Scott Walker, Governor
Reginald J. Newson, Secretary
Department of Workforce Development
201 E. Washington Avenue
P.O. Box 7946
Madison, WI 53707-7946
Telephone: (608) 266-3131
Fax: (608) 266-1784
FOR IMMEDIATE RELEASE
Wednesday, October 15, 2014
CONTACT: DWD Communications, 608-266-2722
On the Web: http://dwd.wisconsin.gov/dwd/news.htm
On Facebook: http://www.facebook.com/WIWorkforce
On Twitter: @WIWorkforce
A Better Bottom Line: Lt. Governor Kleefisch, DWD Secretary Newson Recognize 2014-15 Project SEARCH Interns at St. Elizabeth Hospital
Seven high school students with disabilities to take part in this year's program at hospital
APPLETON – During a formal kick-off event today, Lt. Governor Rebecca Kleefisch and Department of Workforce Development (DWD) Secretary Reggie Newson met with St. Elizabeth Hospital's newest group of interns who are taking part in a training and education program geared toward students with disabilities. The program, called Project SEARCH, is a national program that provides students with disabilities with skills and work experience that will help them succeed after they finish high school.
Since 2008, 140 students with disabilities have graduated from Project SEARCH programs throughout Wisconsin. Besides the program at St. Elizabeth Hospital, Project SEARCH sites operate in Menomonie, Marshfield, Appleton, Madison, Middleton, Milwaukee and Waukesha.
"We thank St. Elizabeth Hospital for its enthusiastic support for this program, which helps young people with disabilities develop valuable workplace skills and training," Lt. Governor Kleefisch said. "On behalf of Governor Walker, I wish the newest group of interns the very best during their time in Project SEARCH and in years ahead."
The cornerstone of Project SEARCH is immersion into the business environment. Five days a week, Project SEARCH interns report to St. Elizabeth Hospital to learn employability skills in a classroom and hands-on job skills. During their time in the program, they participate in internship rotations where they gain real-life work experience.
"Employing persons with disabilities is at the center of Governor Walker's declaration of 2014 as the Year of A Better Bottom Line in Wisconsin," Secretary Newson said. "Through innovative programs like Project SEARCH, along with other partnerships through our Division of Vocational Rehabilitation, employers are providing opportunities for persons with disabilities and improving their bottom line as a result."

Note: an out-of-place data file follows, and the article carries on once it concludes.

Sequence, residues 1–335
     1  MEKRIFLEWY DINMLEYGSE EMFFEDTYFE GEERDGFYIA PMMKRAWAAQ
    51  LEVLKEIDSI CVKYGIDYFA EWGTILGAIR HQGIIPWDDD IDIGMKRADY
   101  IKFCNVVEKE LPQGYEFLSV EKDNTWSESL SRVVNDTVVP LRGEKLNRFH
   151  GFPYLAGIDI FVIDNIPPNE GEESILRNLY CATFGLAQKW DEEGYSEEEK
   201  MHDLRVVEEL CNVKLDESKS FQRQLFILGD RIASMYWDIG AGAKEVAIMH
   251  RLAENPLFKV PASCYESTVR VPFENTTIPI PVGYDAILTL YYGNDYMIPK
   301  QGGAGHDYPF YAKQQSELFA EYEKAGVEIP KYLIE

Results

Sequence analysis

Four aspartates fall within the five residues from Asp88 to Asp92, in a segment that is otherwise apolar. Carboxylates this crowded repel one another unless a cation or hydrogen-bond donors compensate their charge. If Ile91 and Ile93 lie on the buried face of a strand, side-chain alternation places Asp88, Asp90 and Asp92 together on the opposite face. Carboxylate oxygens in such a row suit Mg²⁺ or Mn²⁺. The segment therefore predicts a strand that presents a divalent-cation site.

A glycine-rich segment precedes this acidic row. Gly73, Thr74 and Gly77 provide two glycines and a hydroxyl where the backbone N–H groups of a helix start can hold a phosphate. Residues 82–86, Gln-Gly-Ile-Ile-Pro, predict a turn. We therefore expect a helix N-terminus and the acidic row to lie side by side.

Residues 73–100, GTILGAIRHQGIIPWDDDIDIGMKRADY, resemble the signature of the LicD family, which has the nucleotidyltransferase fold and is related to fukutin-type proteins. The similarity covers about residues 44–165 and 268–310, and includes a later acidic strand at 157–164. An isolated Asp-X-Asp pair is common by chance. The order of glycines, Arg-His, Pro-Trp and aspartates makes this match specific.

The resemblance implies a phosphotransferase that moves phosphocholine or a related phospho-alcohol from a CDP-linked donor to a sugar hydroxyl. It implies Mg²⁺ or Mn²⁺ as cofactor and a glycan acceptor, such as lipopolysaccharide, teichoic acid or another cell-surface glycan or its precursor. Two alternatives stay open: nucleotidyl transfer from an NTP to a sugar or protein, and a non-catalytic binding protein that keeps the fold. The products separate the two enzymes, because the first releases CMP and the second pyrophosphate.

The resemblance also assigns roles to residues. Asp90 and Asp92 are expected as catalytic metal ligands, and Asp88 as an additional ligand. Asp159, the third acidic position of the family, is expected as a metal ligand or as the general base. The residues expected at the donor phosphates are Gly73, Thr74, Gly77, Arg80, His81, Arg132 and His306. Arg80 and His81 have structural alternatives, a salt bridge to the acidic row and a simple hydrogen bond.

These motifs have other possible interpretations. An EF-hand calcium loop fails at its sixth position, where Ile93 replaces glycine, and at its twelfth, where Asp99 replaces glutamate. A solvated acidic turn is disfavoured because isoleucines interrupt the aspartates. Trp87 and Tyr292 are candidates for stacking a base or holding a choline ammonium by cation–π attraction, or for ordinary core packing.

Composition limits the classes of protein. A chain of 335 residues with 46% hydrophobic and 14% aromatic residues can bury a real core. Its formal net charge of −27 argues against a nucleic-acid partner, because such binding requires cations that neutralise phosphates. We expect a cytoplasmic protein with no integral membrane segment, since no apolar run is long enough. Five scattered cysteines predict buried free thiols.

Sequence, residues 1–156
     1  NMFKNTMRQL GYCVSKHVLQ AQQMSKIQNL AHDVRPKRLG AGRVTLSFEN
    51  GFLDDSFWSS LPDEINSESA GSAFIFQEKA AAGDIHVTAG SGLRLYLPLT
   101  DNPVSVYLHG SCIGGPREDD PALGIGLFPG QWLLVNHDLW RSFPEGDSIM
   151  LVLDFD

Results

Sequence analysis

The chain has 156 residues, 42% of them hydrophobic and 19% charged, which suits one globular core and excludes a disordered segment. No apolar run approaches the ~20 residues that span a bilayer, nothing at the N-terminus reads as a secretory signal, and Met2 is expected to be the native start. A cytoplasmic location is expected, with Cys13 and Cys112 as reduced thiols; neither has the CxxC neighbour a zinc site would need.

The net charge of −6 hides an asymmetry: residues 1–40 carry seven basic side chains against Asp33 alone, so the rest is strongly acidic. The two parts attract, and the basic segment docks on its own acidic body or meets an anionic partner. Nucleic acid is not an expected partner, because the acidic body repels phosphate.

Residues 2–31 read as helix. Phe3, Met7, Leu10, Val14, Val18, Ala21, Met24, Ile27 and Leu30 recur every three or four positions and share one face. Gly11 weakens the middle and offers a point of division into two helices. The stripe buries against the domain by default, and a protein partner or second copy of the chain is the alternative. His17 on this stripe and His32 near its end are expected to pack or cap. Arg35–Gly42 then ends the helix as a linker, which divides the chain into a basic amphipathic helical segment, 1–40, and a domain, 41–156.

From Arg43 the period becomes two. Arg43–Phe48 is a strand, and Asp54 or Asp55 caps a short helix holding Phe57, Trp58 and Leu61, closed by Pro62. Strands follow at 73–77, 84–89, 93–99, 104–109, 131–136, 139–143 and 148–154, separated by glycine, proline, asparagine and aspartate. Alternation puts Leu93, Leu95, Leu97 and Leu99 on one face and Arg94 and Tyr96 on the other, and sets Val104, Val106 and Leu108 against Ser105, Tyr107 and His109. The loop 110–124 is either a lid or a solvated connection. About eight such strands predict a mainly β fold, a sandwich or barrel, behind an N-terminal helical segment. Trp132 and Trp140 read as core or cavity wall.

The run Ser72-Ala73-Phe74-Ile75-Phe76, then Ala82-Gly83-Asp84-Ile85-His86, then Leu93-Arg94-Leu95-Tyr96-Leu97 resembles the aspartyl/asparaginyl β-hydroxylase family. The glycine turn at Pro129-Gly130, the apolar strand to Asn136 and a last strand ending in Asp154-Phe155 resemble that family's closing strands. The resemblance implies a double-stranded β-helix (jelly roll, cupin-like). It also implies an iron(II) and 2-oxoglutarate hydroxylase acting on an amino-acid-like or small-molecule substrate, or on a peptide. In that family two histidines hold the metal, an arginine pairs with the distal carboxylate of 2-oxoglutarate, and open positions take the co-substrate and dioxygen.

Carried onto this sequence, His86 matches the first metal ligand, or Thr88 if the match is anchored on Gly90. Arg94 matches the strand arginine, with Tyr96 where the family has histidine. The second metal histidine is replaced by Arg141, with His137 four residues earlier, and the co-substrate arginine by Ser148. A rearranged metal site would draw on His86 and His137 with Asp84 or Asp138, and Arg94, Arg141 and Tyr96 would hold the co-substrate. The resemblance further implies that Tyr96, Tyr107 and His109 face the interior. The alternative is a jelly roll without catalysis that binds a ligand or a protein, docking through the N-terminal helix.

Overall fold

Recognizing the many partners who make Project SEARCH possible, Secretary Newson continued, "St. Elizabeth Hospital, Appleton Area School District, Valley Packaging, the Wisconsin Department of Health Services and the Division of Vocational Rehabilitation have all shown remarkable dedication to the success of these students."
DVR staff, teachers and hospital human resources staff participate in the screening and selection process for Project SEARCH interns. Career coaches from Valley Packaging assist the interns on the job to insure that they have the supports they need to be successful.
Partnering agencies receive pre-paid training and technical assistance required for all Project SEARCH initiatives. The training is provided by Cincinnati Children’s Hospital Medical Center (CCHMC). Project SEARCH was developed at CCHMC in 1996 by Nurse J. Erin Riehle, then the director of the Emergency Department there. Project SEARCH is now an internationally recognized model of employment training for young adults with disabilities.
Governor Walker this year signed legislation for a $35.4 million expansion to the Wisconsin Fast Forward (WFF) worker training program as part of his Blueprint for Prosperity Initiative. The funding included $850,000 to create 20 new Project SEARCH sites in Wisconsin over three years.
The Governor proclaimed 2014 as the Year of A Better Bottom Line to highlight successful operations thanks in part to the contributions of people with disabilities, while urging other employers to consider an often overlooked skilled and capable workforce.
DVR assists over 17,000 individuals with disabilities, and in fiscal year 2014, it helped 4,415 job seekers with disabilities achieve their employment goals. These newly employed individuals are projected to earn $78.3 million annually, more than double the taxpayer investment in their services.